Boris Johnson has decided that one of his key routes to survival is to convince his backbenchers that Labour want him gone. But if Labour MPs had a vote in the secret ballot in the vote of no confidence in Boris Johnson, there are some who might pause with their pencil.
The overwhelming emotion among them is relief – mainly not to be the ones in the spotlight whose party is riven with internal division. Had things taken a different course since September, it is not difficult to imagine 労働 being the ones considering their leader’s future.
But there is disagreement as Labour MPs chew over the possible worlds that could emerge in the coming weeks. Labour has raced ahead in the polls as partygate dominates the headlines and MPs’ inboxes fill with angry complaints from voters. Much of that is at the feet of Johnson himself, and his possible successors – Rishi Sunak, リズ・トラス, Sajid Javid – are not yet tainted.
Many pondering the data in Labour HQ say it is too early to fully understand the public mood. Keir Starmer’s own ratings have been rising, as well as metrics that party chiefs watch closely, 含む how Labour is trusted on the economy.
But there is also a sense that the Conservatives’ previous lead was vastly inflated by a vaccine bounce and that the polls are likely to even out within the next few months and settle into a more predictable pattern that might be expected at this point for a government mid-term.
Some of those advising Starmer quietly say there might be some electoral merit to a wounded prime minister limping on, especially one who narrowly wins a no-confidence vote.
Preoccupied by restive and rebellious backbenchers, neutered by his chancellor in terms of domestic policies and with no political capital to make major changes, Johnson could quickly become a lame duck prime minister in the eyes of the public.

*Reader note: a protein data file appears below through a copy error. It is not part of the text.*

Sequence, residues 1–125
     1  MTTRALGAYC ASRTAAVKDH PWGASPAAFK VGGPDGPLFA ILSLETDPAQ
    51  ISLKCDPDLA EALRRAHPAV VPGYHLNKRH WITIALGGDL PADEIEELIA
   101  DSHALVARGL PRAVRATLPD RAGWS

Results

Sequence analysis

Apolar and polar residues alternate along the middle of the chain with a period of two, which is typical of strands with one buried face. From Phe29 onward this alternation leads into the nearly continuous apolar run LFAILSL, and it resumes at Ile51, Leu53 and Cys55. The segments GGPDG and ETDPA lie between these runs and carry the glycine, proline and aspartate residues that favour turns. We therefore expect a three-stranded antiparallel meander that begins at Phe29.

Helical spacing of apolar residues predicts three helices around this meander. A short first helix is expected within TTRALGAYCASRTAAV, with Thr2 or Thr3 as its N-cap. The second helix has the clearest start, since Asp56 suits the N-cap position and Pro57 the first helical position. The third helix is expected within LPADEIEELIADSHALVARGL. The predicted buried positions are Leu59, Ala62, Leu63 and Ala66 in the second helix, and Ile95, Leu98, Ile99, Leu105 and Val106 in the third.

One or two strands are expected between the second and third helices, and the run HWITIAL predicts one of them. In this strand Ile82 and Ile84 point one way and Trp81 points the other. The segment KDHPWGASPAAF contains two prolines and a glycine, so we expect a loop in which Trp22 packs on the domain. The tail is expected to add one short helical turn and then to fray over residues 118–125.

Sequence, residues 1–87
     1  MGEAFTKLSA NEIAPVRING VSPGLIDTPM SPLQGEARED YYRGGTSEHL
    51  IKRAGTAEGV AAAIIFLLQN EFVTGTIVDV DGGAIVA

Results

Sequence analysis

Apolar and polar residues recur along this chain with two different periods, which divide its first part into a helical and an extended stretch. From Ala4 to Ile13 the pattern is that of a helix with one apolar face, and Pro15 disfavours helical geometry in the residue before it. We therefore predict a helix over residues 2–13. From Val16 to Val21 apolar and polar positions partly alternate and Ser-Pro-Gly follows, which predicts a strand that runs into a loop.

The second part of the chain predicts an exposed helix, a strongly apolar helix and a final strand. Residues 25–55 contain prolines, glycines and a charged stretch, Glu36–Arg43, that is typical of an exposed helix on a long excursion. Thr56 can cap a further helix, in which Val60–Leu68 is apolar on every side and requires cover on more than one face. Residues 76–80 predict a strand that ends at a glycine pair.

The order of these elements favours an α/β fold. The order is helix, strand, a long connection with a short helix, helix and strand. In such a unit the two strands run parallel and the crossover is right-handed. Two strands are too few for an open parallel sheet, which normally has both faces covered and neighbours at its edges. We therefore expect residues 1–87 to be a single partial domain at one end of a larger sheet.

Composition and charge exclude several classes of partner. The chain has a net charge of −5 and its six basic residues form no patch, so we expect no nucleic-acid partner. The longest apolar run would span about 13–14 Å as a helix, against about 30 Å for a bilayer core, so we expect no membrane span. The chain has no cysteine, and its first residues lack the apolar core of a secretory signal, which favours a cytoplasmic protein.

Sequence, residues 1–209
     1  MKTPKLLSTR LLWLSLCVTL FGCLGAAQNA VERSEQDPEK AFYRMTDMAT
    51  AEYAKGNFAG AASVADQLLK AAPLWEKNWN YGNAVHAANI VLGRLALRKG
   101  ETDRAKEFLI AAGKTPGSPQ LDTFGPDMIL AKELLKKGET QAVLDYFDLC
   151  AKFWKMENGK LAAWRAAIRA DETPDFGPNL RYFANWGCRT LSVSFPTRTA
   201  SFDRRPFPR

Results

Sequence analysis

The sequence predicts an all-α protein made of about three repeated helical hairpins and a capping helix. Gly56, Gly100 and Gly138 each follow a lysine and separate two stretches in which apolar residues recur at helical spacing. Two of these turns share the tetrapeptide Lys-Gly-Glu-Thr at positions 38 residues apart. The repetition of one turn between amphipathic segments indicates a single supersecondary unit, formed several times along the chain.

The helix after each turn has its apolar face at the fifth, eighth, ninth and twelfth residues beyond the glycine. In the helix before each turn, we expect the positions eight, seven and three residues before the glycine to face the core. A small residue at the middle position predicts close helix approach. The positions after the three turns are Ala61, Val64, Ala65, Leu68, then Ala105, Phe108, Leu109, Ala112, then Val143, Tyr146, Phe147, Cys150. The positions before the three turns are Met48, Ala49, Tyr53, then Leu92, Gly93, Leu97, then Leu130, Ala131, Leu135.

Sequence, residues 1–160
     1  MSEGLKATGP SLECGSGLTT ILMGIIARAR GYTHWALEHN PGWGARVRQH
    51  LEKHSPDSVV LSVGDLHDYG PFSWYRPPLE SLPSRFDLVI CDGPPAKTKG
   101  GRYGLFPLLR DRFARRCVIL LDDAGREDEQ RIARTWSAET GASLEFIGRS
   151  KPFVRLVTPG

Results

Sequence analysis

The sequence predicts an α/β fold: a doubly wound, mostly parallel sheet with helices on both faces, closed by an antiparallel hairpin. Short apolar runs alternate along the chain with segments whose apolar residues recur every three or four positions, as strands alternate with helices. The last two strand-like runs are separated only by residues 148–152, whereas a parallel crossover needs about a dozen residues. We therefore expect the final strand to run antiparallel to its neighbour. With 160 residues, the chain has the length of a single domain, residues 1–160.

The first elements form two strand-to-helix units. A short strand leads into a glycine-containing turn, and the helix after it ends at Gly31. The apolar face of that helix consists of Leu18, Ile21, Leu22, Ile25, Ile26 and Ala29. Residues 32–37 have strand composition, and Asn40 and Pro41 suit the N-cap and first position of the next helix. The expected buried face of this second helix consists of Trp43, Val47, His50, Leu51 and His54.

プラス, they argue, the longer Johnson goes on, the more the Conservative brand is tarnished, his MPs making laughable statements of support about cake ambushes. Starmer, they argue, is the perfect counterweight to Johnson – with a serious, slightly boring demeanour, and a lifetime of public service.
One shadow minister, mulling over what timing would suit them, said a departure after the local elections might be the most beneficial to the party. “Not only do they lose seats, but then the Tories look even more self-serving, they only ditched him not for moral reasons but for poor results. And then there is the wider good that the country gets rid of him too.”
Starmer himself would never suggest it was better for Johnson to continue. His team decided it was inconceivable they could not call for Johnson’s resignation two weeks ago at PMQs. Any more calls for inquiries, explanations, apologies would obviously not wash.
“There’s always an argument that once you’ve gone that far, there’s nowhere to go, it’s sixth gear,” one of them said. “But the email [from Martin Reynolds inviting staff to a party] meant we took that choice. Anything less would look pathetic.”
But ask any of the party’s northern MPs with experience of fighting battles in the red wall and many will say Labour’s chances are enhanced with Johnson gone.
It is the message Johnson is drilling into his backbenchers. “Of course he wants me out of the way,” he told PMQs.
“He does, and – I will not deny it – for all sorts of reasons, many people may want me out of the way, but the reason he wants me out of the way is that he knows that this government can be trusted to deliver, and we did.”
Some will privately agree with that, having observed Johnson take selfies on the streets in a way few others could. “I think in the long run we don’t want to take the chance he can recover,” one said.
Another said Sunak or Truss would be far less likely to keep lots of the seats that Johnson had taken – or may yet win. “I don’t know if that’s what the polls say or not, but my instinct is he still has some personal appeal and my voters just don’t know who リズ・トラス is.”